In 1927, Oklahoman businessman Cyrus Avery, known as the "Father of Route 66", began the campaign to create U.S. Route 66 add something


Carl Albert - He entered the University of Oklahoma in 1927, where he majored in political science, and won the National Oratorical Championship in 1928, winning an all expense paid trip to Europe


William H. Murray - He stayed in Bolivia until 1929, when he returned to Oklahoma to run for Governor in 1930


During the 1930s, parts of the state began suffering the consequences of poor farming practice add something


Woody Guthrie - Nora Guthrie was eventually committed to the Oklahoma Hospital for the Insane, where she died in 1930 from Huntington's disease


Jay McShann - He began working as a professional musician in 1931, performing around Tulsa, Oklahoma, Oklahoma and neighboring Arkansas.


William H. Murray - He was inaugurated as the ninth Governor of Oklahoma on January 12, 1931


William H. Murray - When the Oklahoma producers did not comply, on August 4, 1931, Murray called out the Guard, declared martial law, and ordered that some 3,000 oil wells be shut down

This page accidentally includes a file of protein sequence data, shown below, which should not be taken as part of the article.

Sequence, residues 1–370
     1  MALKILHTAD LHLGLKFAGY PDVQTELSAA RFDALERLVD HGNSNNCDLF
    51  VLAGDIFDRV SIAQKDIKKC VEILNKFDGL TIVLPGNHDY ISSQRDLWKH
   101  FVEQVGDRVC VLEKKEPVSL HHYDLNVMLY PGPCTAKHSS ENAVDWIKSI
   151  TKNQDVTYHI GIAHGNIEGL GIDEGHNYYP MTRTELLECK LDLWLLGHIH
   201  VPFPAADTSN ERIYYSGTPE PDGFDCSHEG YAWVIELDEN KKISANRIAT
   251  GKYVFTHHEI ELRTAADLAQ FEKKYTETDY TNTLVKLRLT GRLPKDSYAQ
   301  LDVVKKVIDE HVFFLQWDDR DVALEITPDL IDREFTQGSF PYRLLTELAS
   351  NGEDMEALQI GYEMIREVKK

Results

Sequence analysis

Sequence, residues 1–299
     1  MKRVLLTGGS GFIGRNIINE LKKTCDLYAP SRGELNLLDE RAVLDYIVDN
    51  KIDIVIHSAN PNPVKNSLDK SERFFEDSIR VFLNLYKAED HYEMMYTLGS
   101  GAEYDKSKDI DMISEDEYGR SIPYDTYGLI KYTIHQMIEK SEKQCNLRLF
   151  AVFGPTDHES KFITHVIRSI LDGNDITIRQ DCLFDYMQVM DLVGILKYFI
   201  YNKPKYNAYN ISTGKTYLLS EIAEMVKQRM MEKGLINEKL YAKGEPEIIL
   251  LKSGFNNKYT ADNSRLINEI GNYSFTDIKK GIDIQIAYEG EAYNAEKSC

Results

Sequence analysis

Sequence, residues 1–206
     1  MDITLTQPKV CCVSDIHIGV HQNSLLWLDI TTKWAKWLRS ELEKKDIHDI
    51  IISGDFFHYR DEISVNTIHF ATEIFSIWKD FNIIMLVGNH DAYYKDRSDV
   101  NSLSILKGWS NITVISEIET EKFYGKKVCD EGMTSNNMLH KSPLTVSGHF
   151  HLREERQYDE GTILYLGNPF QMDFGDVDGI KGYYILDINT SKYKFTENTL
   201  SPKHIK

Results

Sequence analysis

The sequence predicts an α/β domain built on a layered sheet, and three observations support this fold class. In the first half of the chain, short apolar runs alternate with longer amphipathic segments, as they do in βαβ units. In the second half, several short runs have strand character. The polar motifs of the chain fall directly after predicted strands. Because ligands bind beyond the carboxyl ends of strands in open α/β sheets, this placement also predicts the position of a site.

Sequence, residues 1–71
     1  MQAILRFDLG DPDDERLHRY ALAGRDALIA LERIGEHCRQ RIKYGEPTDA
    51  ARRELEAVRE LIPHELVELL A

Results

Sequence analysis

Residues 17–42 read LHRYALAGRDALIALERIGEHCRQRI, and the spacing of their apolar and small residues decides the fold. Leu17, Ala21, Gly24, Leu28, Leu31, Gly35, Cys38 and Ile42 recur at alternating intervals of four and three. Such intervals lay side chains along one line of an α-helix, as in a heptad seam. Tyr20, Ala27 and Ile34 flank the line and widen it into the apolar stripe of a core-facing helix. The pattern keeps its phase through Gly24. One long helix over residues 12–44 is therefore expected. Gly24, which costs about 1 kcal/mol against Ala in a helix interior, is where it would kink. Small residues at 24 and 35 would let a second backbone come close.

Severe drought is common in the hottest summers, such as those of 1934, 1954, 1980 and 2011, all of which featured weeks on end of virtual rainlessness and high temperatures well over add something


Richard Evans Schultes - A Harvard student himself from 1934 to 1941, Schultes studied with Oakes Ames, orchidologist and Director of the Harvard Botanical Museum, who influenced his student research with the ritual use of peyote cactus among the Kiowa of Oklahoma, as well as his discovery of the lost identity of the Mexican hallucinogenic plants teonanácatl and ololiuqui in Oaxaca, Mexico